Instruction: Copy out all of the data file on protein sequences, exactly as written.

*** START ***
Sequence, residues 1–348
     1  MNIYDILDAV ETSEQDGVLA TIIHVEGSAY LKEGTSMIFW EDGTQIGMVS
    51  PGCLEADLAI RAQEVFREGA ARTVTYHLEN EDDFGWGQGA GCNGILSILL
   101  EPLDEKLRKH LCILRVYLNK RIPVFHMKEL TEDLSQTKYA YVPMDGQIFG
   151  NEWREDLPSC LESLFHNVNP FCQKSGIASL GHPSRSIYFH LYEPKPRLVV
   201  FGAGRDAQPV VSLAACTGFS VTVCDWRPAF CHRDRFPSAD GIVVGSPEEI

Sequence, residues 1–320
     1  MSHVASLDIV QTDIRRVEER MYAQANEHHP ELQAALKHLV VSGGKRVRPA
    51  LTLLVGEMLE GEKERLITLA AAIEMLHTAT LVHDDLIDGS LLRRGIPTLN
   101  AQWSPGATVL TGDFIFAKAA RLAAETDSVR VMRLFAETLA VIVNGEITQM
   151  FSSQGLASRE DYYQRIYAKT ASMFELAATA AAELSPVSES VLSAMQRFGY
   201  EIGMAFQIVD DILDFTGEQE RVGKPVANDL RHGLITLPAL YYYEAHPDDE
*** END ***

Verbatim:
Sequence, residues 1–348
     1  MNIYDILDAV ETSEQDGVLA TIIHVEGSAY LKEGTSMIFW EDGTQIGMVS
    51  PGCLEADLAI RAQEVFREGA ARTVTYHLEN EDDFGWGQGA GCNGILSILL
   101  EPLDEKLRKH LCILRVYLNK RIPVFHMKEL TEDLSQTKYA YVPMDGQIFG
   151  NEWREDLPSC LESLFHNVNP FCQKSGIASL GHPSRSIYFH LYEPKPRLVV
   201  FGAGRDAQPV VSLAACTGFS VTVCDWRPAF CHRDRFPSAD GIVVGSPEEI

Sequence, residues 1–320
     1  MSHVASLDIV QTDIRRVEER MYAQANEHHP ELQAALKHLV VSGGKRVRPA
    51  LTLLVGEMLE GEKERLITLA AAIEMLHTAT LVHDDLIDGS LLRRGIPTLN
   101  AQWSPGATVL TGDFIFAKAA RLAAETDSVR VMRLFAETLA VIVNGEITQM
   151  FSSQGLASRE DYYQRIYAKT ASMFELAATA AAELSPVSES VLSAMQRFGY
   201  EIGMAFQIVD DILDFTGEQE RVGKPVANDL RHGLITLPAL YYYEAHPDDE